Concerns about revisions for Cooperative Housing Society laws. Mumbaikars and Maharashtra housing society residents, watch out! Till now, you may never cared to think about who among your neighbours are Scheduled Caste, Scheduled Tribes, etc. In the past few decades, the caste divide had ceased to matter in co-operative housing societies, and most managing committees (at least in the metros like Mumbai and Nagpur) were generally elected without thinking about such things. Earlier, one or two seats on the managing were reserved for women. But now, the new model bye-laws have made it compulsory for you to exercise your mind as to which of your neighbours is an SC/ST, OBC etc. Please see this comparison of old and new bye-laws no. 115.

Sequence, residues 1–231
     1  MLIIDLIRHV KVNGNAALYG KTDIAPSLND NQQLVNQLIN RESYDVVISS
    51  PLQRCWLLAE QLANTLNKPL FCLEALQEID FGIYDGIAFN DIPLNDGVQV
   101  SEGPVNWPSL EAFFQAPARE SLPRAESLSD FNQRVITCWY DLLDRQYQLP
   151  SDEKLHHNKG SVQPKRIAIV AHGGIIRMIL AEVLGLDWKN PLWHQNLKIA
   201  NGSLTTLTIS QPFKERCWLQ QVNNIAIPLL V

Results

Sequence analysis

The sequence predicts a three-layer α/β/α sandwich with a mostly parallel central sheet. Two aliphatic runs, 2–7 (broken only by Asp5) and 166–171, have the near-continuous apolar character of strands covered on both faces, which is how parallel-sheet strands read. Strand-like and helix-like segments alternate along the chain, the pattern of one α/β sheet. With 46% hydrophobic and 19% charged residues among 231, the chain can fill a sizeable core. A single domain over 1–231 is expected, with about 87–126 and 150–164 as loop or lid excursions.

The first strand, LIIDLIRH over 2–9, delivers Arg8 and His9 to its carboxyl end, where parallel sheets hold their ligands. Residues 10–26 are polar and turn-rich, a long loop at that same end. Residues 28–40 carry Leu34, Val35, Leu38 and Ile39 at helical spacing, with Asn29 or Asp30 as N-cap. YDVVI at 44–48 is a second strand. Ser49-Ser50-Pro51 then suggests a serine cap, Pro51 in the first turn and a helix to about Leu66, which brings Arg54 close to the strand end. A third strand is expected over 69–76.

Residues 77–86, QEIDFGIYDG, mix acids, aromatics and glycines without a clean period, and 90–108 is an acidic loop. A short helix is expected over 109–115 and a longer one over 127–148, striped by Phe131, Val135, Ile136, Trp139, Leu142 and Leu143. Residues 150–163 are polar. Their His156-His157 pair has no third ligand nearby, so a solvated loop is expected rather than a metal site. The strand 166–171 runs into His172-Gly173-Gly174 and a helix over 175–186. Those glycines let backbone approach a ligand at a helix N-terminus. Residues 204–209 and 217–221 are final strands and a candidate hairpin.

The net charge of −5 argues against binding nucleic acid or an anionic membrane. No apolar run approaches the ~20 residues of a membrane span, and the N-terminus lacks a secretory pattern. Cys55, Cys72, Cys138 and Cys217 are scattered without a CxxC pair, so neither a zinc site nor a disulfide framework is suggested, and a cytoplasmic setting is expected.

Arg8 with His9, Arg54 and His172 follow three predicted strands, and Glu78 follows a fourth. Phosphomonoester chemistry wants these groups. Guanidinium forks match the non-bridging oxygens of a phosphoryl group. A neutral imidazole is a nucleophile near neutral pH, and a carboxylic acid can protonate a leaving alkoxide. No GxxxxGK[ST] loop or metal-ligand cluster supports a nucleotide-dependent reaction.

Comparison of old and new bye laws for cooperative housing societies
Comparison of old and new bye laws for cooperative housing societies

This is as mandated by the 97th Constitutional Amendment passed in January 2012 (See http://tinyurl.com/97th-Constitution-Amendment-In ). On the face of it, the 97th amendment is wholesome, but if you look deeper, you will find that it introduces many slow poisons into the system. ARTICLE 1: Slow poison for democracy in India: http://tinyurl.com/97th-amendment-Krish-blog ARTICLE 2: Toxic provisions of MCS Act amended as per 97th Amendment: http://tinyurl.com/MCS-Amendment-Krish-blog But don’t take my word for it. Read and understand for yourself: Old CHS Model Bye-lawshttp://tinyurl.com/Old-Model-Byelaws-CHS-2009 New CHS Model Bye-lawshttp://tinyurl.com/New-Model-Byelaws-CHS-2013 Please oppose this entire set of changes in Maharashtra urgently, before the MCS Amendment Ordinance 2013 is ratified by the state legislature, and becomes an Act. Otherwise, within 10 years, the co-operative housing society movement will have regressed by 40 years, and we will be at one another’s throats. Warm Regards, Krish 9821588114 building.rti.union@gmail.com

Part 1 || Part 2 || Part 3 || Part 4 || Part 5